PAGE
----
Environmental Acts and Regulatory Agencies Affecting Citrus Groves in Florida 9 Participation in flood control programs, and the reclamation, conservation, and protection of lands from water surplus or deficiencies. Maintain water management and use facilities of the district and determine the levels of water to be maintained in the district bodies of water. To do so, districts may establish minimum flows for their works and water courses below which further withdrawals would be significantly harmful to the water resources or ecology. This also involves the establishment of minimum water levels for surface water and groundwater. Each district is autonomous, has ad valorem taxing authority and is run by a governing board. WMD governing board powers include administering the permit programs of Chapter 373, Florida Statutes. Thus, WMDs are responsible for permitting wells, management and storage of surface waters, and issuing consumptive use permits (SFWMD and SJRWMD) or water use permit (SWFWMD). Each WMD has specific criteria detailing the types of activities that require permits, the contents of permit applications, the procedures that surround submission of an application, and areas specifically exempted from permitting requirements. The Governor and Cabinet, sitting as the Land and Water Adjudicatory Commission, have authority to review any order or rule of a WMD.Areas of ConcernThe focus of environmental regulation by both state and federal statues is aimed at protecting and preserving water resources in Florida. Specifically, the acts address the following: Groundwater protection. Wetland preservation. Pesticide contamination. Solid waste management. Storage tanks. Groundwater Groundwater is classified into four categories, based first on whether the water is potable (drinkable) or non-potable, and on the total of dissolved solids the water contains. Under the classification scheme, aquifers retain the highest protection and are known as G-1 waters. Class G-4 waters are non-potable, located in confined aquifers only, and receive the least amount of protection. Additionally, unconfined groundwater always receives more protection, as it is susceptible to contamination from another aquifer. Maximum contaminant standards specify the maximum amount of particular contaminants that will be tolerated in a particular class of water. Maximum contaminant levels (Primary Drinking Water Standards) are generally in accord with the EPA standards contained in the Federal Safe Drinking Water Act. Permits will not be issued when maximum contaminant levels are exceeded by a discharge activity. Secondary standards are also monitored in new facilities for compliance. State Provisions Discharge of waste into state waters is prohibited unless permitted by a state agency. Because underground water is included in the definition of water, this also applies to groundwater. A discharge activity will not be permitted if contaminants reduce ground or surface water quality below the required DEP classification standard. A contaminant is any substance which is harmful to plant or animal life. However, applications of chemicals for agricultural purposes such as to control insects and aquatic weeds are exempt. Additionally, these exempt chemical applications must be approved for the particular use by the EPA or DACS, application must be made according to the label, and state standards as well as the Florida Pesticide Law must be followed. The Water Management Districts have the power to control consumptive uses of groundwater in areas of known groundwater contamination. In other words, through Florida Statutes Chapter 373, the WMDs can restrict consumptive use through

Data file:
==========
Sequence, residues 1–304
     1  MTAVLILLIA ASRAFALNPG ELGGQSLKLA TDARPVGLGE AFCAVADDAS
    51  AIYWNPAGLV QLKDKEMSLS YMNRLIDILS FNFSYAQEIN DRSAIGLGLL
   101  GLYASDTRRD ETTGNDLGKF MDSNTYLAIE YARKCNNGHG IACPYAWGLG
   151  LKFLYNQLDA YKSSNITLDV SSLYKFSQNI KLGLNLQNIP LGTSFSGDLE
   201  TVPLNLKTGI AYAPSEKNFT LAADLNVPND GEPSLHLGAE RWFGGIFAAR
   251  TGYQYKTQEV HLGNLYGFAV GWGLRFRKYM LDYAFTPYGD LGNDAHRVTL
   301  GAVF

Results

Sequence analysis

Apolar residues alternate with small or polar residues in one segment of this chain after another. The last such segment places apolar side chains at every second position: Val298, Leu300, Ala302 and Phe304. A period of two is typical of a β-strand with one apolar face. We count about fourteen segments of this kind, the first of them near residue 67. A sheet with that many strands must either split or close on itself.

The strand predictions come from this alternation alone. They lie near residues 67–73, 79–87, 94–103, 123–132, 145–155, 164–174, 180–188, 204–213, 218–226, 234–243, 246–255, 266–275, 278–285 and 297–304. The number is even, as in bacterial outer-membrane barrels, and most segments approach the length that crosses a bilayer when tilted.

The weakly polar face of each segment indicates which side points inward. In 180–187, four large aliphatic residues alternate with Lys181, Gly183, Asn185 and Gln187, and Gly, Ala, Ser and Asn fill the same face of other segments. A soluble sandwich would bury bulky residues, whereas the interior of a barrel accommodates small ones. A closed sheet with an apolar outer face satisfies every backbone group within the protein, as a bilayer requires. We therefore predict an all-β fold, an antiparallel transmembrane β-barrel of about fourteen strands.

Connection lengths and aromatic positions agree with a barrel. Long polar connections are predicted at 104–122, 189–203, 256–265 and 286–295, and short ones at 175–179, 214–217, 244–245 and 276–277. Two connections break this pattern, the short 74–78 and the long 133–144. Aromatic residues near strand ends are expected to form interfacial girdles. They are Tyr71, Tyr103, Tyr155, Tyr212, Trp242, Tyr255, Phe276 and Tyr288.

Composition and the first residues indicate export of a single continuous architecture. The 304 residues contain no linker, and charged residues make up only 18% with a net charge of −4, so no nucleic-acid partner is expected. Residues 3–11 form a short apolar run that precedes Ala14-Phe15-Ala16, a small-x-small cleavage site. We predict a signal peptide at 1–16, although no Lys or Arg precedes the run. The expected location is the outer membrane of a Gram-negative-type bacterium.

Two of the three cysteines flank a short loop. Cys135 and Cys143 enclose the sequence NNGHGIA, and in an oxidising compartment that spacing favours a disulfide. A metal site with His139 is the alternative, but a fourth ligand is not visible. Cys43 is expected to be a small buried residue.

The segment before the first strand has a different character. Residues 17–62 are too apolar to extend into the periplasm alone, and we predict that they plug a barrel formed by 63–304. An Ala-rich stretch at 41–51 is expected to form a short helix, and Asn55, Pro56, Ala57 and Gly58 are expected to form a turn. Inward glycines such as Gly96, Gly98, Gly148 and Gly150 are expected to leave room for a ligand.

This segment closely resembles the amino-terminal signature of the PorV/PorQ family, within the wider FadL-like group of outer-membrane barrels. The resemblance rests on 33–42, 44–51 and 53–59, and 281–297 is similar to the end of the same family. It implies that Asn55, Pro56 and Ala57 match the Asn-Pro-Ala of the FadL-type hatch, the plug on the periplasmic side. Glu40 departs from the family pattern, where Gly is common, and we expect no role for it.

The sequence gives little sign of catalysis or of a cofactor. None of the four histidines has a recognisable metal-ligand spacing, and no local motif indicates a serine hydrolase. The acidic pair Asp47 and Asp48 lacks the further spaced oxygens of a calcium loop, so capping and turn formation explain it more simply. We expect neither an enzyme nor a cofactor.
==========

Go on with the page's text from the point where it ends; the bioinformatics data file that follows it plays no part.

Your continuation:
Environmental Acts and Regulatory Agencies Affecting Citrus Groves in Florida 10permitting whenever contamination is found. Furthermore, the EPA regulates stormwater discharges associated with agriculture. The EPA exempts, via permit, agricultural stormwater discharges and agricultural return flows composed entirely of return flow from irrigated areas. However, the EPA does not exempt agricultural return flows that are not composed entirely of return flows from irrigated agriculture. Federal Provisions Federal regulation of groundwater consists of a variety of statutory directives administered by a host of administrative agencies. More than 16 pieces of federal legislation have some effect on groundwater, or have the potential to affect activities and programs relevant to its use. The most important are: The most important piece of federal legislation relating to water quality is the Clean Water Act. The main purpose of the Act is to eliminate point source pollution of surface water. Groundwater is directly implicated due to the natural linkage of surface and groundwater resources. When a party pollutes surface water, there is a good chance that water movement via the hydrologic water cycle will result in groundwater that will be simultaneously contaminated (see Fig. 1). The National Pollutant Discharge Elimination System (NPDES) places flow limitations on recognizable point sources of water pollution (for example, a pipe, well, or leaking container). Currently, the EPA administers the program. The Safe Drinking Water Act establishes maximum contamination levels for drinking water and serves to protect sole source aquifers (aquifers whose main use is to provide drinking water). Perhaps most significantly, the Act monitors the underground injection of contaminants into groundwater used for the public drinking water supply. The Underground Injection Control (UIC) program is the vehicle used to protect underground sources of drinking water. The UIC program is delegated to Florida by the EPA. Surface Water Use of surface water is regulated in Florida by the Water Management Districts. The districts issue water use permits (WUP) to allocate water for reasonable beneficial uses for fixed periods of time (duration may not exceed 20 years). However, permits are generally issued for shorter durations because the districts have lacked the information needed to commit the resource for longer periods of time. Surface waters in Florida are classified according to the use of the water (Table 1). Class I waters have the highest protection and are suitable for potable water supplies. Class V waters are the lowest classification and these waters are used for navigation in addition to utility and industrial purposes.Table 1. Classes of Florida waters. Class Use Class I potable water supplies Class II shelfish propagation or harvesting Class III recreation, propagation and maintenance of a healthy, well-balanced population of fish and wildlife Class IV agricultural water supplies Class V navigation, utility, and industrial Applicants must present evidence on the quantity of water requested; the need, purpose, and value of the use; and the suitability of the use to the source. The method and efficiency of use, water conservation measures, and the practicality of reuse or the use of lower quality water are also considerations. Applicants must show the proposed use will not interfere with any presently existing legal use of water. The permitted amounts must also be consistent with the public interest. The public interest can be defined further through rule making by the FDEP and WMDs. When groves are developed in the Flatwoods, they typically require very significant changes in